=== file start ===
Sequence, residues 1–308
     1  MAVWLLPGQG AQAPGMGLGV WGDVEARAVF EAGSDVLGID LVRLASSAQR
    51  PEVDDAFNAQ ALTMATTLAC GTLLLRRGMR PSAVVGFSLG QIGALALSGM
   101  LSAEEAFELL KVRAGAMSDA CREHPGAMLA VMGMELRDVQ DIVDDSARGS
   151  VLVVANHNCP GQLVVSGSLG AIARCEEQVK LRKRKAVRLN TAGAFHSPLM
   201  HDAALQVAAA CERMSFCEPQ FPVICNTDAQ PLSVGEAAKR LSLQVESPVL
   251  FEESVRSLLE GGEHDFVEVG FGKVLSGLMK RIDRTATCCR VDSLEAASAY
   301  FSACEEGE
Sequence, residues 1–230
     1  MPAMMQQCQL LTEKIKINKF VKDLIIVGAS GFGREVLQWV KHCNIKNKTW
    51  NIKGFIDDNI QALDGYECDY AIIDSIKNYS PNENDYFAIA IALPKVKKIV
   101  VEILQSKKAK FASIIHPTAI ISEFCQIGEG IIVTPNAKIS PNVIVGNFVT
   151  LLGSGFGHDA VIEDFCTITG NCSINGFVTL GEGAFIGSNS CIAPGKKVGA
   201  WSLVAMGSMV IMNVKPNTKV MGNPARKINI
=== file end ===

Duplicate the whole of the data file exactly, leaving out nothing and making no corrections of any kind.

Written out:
Sequence, residues 1–308
     1  MAVWLLPGQG AQAPGMGLGV WGDVEARAVF EAGSDVLGID LVRLASSAQR
    51  PEVDDAFNAQ ALTMATTLAC GTLLLRRGMR PSAVVGFSLG QIGALALSGM
   101  LSAEEAFELL KVRAGAMSDA CREHPGAMLA VMGMELRDVQ DIVDDSARGS
   151  VLVVANHNCP GQLVVSGSLG AIARCEEQVK LRKRKAVRLN TAGAFHSPLM
   201  HDAALQVAAA CERMSFCEPQ FPVICNTDAQ PLSVGEAAKR LSLQVESPVL
   251  FEESVRSLLE GGEHDFVEVG FGKVLSGLMK RIDRTATCCR VDSLEAASAY
   301  FSACEEGE
Sequence, residues 1–230
     1  MPAMMQQCQL LTEKIKINKF VKDLIIVGAS GFGREVLQWV KHCNIKNKTW
    51  NIKGFIDDNI QALDGYECDY AIIDSIKNYS PNENDYFAIA IALPKVKKIV
   101  VEILQSKKAK FASIIHPTAI ISEFCQIGEG IIVTPNAKIS PNVIVGNFVT
   151  LLGSGFGHDA VIEDFCTITG NCSINGFVTL GEGAFIGSNS CIAPGKKVGA
   201  WSLVAMGSMV IMNVKPNTKV MGNPARKINI